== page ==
A tour of Info Island will be conducted by Donna Upshaw on Tuesday, March 27, at
6 p.m. SLT. (9 p.m. ET, 8 p.m. CT) If you would like to attend this tour please contact SLA member Marcella Dulka
at email@example.com by Friday, March 23 at 3 p.m. CST. There is a limit of 8
attendees, but your name can be placed on a waiting list if the limit is
The Rochester Regional Library Council (RRLC) has mounted handouts from workshops given at the Council on their web site. This is an interesting way of making the workshop content available to more people, even though all you are seeing are the handouts.
Does your library consortium do something similar? If yes, is it useful? Or does your organization do something like this (or even a wiki) as a way of sharing what people are learning?
Marcella Dulka (firstname.lastname@example.org) will be giving a tour of SL tonight at 9 p.m. ET (6 p.m. SLT). if you would like to join her tour, please send her an e-mail message at the address above. Her tour will begin at the Welcome Area on Info Island. Marcella can send you the SURL for that location (Second Life URL).
There will be a tour of Second Life's Info Island this Thursday at 11 a.m. Eastern Time. The tour will begin at the newly redone Welcome Area on Info Island. If you have an ID for Second Life, put this Second Life URL (SURL) in your browser and it will take you to the Welcome Area.
The topic of podcasting came up at the IT Division Board meeting in January. There is an interest among Board members of learning more about podcasting and perhaps incorporating podcasting into division activities.
I have been collecting podcasting link in Del.icio.us here. These are web sites that I have found useful on the topic in regards to the hardware and software needed. I'm sure there are others and I'll continue to add those that help me towards the goal of creating a podcasting setup for a library client.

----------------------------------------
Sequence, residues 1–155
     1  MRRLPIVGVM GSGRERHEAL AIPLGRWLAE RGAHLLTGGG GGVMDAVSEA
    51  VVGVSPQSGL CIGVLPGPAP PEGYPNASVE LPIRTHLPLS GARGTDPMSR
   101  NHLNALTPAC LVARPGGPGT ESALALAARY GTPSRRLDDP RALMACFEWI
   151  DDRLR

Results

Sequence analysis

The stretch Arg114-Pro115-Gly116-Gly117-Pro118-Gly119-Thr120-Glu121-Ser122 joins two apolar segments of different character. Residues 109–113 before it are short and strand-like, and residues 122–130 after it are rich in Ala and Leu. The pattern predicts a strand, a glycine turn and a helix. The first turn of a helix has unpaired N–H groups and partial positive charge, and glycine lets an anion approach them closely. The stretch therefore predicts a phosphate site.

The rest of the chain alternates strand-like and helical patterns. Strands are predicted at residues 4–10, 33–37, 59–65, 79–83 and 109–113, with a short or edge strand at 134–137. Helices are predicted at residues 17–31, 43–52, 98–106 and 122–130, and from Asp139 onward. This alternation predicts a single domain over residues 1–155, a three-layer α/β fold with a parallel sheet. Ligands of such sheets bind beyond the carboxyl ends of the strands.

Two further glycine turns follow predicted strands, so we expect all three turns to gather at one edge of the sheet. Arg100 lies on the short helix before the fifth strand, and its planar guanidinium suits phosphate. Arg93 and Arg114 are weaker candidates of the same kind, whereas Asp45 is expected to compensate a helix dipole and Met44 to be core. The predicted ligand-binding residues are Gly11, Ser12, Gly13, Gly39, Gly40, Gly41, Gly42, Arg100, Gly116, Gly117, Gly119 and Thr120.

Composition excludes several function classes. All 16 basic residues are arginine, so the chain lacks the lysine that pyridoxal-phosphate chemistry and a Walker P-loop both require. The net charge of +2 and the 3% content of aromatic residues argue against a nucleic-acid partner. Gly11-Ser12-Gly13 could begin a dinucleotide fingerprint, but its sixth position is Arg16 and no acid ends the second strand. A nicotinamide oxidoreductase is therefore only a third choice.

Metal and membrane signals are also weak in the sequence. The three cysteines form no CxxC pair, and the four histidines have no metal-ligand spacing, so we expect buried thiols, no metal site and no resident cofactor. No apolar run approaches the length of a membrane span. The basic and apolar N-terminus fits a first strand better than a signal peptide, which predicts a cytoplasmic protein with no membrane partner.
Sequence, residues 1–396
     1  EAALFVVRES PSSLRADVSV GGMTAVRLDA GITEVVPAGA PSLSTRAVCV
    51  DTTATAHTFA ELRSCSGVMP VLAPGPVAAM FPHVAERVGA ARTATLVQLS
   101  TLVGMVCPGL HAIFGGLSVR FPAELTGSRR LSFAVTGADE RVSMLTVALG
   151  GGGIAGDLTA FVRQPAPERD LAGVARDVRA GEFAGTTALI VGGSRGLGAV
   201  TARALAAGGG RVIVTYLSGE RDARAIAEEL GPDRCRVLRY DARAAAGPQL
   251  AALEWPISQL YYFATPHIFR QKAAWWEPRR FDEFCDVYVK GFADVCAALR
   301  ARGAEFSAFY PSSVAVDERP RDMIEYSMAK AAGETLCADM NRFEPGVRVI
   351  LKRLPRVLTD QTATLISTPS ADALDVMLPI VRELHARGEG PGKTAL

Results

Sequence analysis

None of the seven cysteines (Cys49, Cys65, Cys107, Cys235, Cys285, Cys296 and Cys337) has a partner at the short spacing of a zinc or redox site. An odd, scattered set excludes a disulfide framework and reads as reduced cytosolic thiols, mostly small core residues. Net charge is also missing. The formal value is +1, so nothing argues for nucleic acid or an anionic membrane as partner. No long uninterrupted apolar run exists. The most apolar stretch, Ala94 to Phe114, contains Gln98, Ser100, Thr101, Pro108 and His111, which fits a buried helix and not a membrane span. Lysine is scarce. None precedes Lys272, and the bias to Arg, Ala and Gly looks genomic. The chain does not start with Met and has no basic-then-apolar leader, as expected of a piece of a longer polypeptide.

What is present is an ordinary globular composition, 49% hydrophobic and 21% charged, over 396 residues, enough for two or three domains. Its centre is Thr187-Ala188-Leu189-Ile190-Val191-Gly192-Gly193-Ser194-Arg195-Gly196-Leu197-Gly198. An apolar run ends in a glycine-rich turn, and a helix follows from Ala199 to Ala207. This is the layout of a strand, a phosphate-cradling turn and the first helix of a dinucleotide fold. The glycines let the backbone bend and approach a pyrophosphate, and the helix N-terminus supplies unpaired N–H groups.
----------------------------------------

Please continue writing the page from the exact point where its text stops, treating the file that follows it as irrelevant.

Working with a colleague on a specific podcasting setup (for this library client) has been quite interesting. Podcasting can be quite inexpensive to do, but to have better quality, you need to spend some more money. It also requires a computer that can handle the input and output.
Computer: You can use a Mac or PC. The computer will need decent hard drive space since the audio files will be large. So you will want a hard drive that is many gigs in size (probably 40MB+). One person said that he created a 3 minute .mp3 file that was about 750 KB in size. So a 15 minute podcast, might be 3.5 GB.
The computer will need to have USB 2.0 or FireWire 400 for input capabilities.
The computer will also need more RAM than the minimum. We tend to buy computers will the minimum amount of RAM, but the things we want to do now are becoming more graphical and more multimedia, which requires more RAM. So have 1 MB of RAM or more.
As for the podcasting setup, we thinking of:
Microphone: Shure SM-58 or Shure SM-57
Microphone accessories: desk stands, clips, wires, etc.
Audio Interface: Tascam US-122 interface (USB 2.0) to connect the mics to the computer
Audio editor: Audacity
Audio recording program: Audacity
It has been suggested that we do an external hard drive for offloading (backing up) the audio files. I need to ask some questions about this, since the podcasts will be loaded on a server anyway. Maybe we could backup on CD? mmm...questions....
Are you podcasting? If yes, what is your setup for recording yourself? Do you do interviews with your setup? If yes, how do you handle that equipment-wise? And what lessons have you learned about your setup that you wish you had known upfront? Please leave comments...lots of people in the Division would like to know!